On May 3, 1972, the SBA (Small Business Administration) granted a $25,000 loan to appellee, secured by a first lien on inventory, fixtures and equipment, with a proviso that appellee acquire hazard insurance and name the SBA in the mortgage clause. On January 10, 1973, appellee took out the required hazard insurance. About February 1, 1973, a fire occurred in the basement of the building occupied by the appellee, but was extinguished before damage to the insured property occurred. On February 3, 1973, a second fire destroyed the business and on March 2, 1973, appellee filed his sworn statement in proof of loss on policy 10-16783-01, claiming a $42,000 loss and signified SBA had an interest. An attorney for the appellant negotiated settlement with appellee and his business representative, a Mr. Udunka. The latter was to get one-third of the insurance money collected. Documentation then available showed the loss at $23,000, while the insured demanded $28,000. A compromise figure of $26,000 was reached and appellee duly signed a release and indemnity agreement and thereafter was issued a bank draft payable jointly to him and SBA. An attorney at the SBA explained the wording on the draft, with particular reference to the language "any and all claims arising out of loss on 2-4-73" and cautioned appellee that once the draft was cashed that he had no further recourse. Appellee cashed the check and paid the SBA loan. Appellee is a high school graduate with two years of vocational technical school and can read and write.
In his complaint, appellee, in general, alleged a lack of consideration, failure to have a "meeting of the minds," failure of appellant to deliver a policy to appellee, and a general allegation of fraud. Count 2, as amended, sought equitable relief. Appellant filed its answer and set up defenses of accord and satisfaction and release and subsequently moved for summary judgment. Following a hearing the trial judge denied the motion and certified the case for immediate review and appeal followed. Held:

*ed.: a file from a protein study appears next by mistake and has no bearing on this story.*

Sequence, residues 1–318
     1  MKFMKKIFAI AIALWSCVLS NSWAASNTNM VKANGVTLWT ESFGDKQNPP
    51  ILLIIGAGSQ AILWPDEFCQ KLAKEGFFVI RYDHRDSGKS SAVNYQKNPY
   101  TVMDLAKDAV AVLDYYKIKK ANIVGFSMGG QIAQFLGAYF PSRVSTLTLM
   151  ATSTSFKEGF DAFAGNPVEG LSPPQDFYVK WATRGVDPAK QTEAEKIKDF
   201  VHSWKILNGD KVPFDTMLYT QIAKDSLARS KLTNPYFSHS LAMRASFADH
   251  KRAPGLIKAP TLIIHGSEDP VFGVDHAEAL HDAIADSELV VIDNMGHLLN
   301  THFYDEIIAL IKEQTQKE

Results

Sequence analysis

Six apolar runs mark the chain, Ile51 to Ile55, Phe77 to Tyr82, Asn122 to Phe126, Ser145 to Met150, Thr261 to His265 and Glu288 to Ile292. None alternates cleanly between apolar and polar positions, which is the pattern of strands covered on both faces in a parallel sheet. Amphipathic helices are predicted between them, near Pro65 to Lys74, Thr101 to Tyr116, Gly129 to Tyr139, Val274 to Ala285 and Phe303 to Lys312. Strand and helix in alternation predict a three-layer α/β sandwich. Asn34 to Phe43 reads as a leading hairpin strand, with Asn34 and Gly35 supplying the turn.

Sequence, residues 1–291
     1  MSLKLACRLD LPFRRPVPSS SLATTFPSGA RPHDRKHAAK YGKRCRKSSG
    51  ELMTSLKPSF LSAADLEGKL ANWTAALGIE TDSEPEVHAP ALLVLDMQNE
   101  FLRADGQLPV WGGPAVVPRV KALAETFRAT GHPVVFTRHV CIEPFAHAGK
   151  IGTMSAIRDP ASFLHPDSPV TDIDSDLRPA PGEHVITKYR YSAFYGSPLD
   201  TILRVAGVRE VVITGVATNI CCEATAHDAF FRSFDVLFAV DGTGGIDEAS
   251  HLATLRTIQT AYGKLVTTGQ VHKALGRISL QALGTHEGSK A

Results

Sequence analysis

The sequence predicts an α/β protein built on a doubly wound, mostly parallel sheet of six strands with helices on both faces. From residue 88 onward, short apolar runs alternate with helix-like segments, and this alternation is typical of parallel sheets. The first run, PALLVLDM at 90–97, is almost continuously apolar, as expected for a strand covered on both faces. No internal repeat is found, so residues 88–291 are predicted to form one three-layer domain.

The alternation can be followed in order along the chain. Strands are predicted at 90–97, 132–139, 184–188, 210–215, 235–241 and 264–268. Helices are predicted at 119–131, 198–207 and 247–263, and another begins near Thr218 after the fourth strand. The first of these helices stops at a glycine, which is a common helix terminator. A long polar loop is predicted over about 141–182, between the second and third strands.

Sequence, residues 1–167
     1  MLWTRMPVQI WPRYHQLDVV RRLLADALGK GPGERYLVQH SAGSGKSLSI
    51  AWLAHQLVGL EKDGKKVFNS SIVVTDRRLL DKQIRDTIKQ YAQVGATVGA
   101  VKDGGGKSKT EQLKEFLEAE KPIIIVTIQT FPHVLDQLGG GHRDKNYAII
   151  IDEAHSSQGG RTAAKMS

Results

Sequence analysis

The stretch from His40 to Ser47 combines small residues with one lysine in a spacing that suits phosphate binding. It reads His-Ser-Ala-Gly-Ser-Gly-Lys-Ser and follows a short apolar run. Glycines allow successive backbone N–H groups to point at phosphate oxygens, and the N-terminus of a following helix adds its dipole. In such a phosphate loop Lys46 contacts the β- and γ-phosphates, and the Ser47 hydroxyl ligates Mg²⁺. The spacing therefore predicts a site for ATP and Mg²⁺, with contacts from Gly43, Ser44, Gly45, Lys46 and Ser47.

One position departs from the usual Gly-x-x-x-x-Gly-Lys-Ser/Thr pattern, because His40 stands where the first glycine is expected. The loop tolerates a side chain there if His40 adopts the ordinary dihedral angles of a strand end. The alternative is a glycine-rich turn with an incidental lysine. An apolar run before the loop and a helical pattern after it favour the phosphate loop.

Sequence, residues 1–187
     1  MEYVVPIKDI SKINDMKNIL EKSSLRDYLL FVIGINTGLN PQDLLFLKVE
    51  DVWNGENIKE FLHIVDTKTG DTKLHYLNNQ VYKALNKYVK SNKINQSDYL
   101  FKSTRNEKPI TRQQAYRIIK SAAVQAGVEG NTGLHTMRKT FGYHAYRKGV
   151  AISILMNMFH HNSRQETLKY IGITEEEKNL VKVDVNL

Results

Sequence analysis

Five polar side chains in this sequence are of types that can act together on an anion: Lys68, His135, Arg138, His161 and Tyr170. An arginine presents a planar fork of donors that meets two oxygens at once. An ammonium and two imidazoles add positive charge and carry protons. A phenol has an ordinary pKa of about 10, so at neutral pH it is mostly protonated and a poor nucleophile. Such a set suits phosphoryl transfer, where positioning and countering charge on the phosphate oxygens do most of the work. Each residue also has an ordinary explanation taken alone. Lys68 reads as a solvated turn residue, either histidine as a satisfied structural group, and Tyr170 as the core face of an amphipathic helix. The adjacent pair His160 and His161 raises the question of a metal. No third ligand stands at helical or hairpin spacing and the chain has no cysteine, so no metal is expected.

The record discloses that appellee bad been engaged in the grocery business prior to his decision to obtain a loan from the SBA and venture into the auto parts business. He was a high school graduate with two years of vocational training. He admittedly could read and write. He was accompanied during negotiation by his contract bookkeeper and business advisor, who held a degree and master's degree in business administration. The "Release and Indemnity agreement" signed by appellee was a general release. Its terms were unambiguous. That appellee knew that it was a one-time settlement is evidenced by his testimony concerning the negotiations and settlement offer: "Well, I didn't say anything. I just set there, you know. I was thinking over [sic], and then I told Mr. Udunka, 'Well, I am not going to have enough money to pay my bills out of this, plus Udunka.' He said that he was going to charge a third for collecting the money. How am I going to pay the bills?" Further, after signing the release, receiving the check from the appellant, and going to the SBA with Mr. Udunka, the district counsel for that organization advised him of the legal consequences of signing the check and advised him that if there were any questions he should see an attorney. Nevertheless, appellee proceeded to the bank with the draft where it was presented for payment.
The law is clear. See Henry v. Allstate Ins. Co., 129 Ga. App. 223 (199 SE2d 338)
. If there existed a question in appellee's mind relative to release or payment, or if they were unsatisfactory, the release and draft should have been returned to the appellant. Pan American Life Ins. Co. v. Carter, 57 Ga. App. 294 (1) (195 SE 326)
. Instead, appellee cashed the draft and used the proceeds. He is bound by the release and an accord and satisfaction resulted. Townsend v. Lewis, 122 Ga. App. 135 (176 SE2d 457)
. "A party who can read must read, or slow a legal excuse for not doing so. Fraud which would relieve a party who can read must be a fraud which prevents him from reading." Southern Stages v. Fullington, 66 Ga. App. 773 (19 SE2d 324)
; Sutton v. McMillan, 213 Ga. 90
, 94 (97 SE2d 139
). It must be presumed that appellee read the release and acquainted himself with the provisions. Hatfield v. Colonial Life Ins. Co., 102 Ga. App. 630 (116 SE2d 900)
. No ground for avoiding the release appears, even if this action is in equity. Gibson v. Alford, 161 Ga. 672 (5) (132 SE 442)
We find no genuine issue of a material fact and the record demands that the appellant was entitled to a summary judgment.
James H. Weeks, for appellant.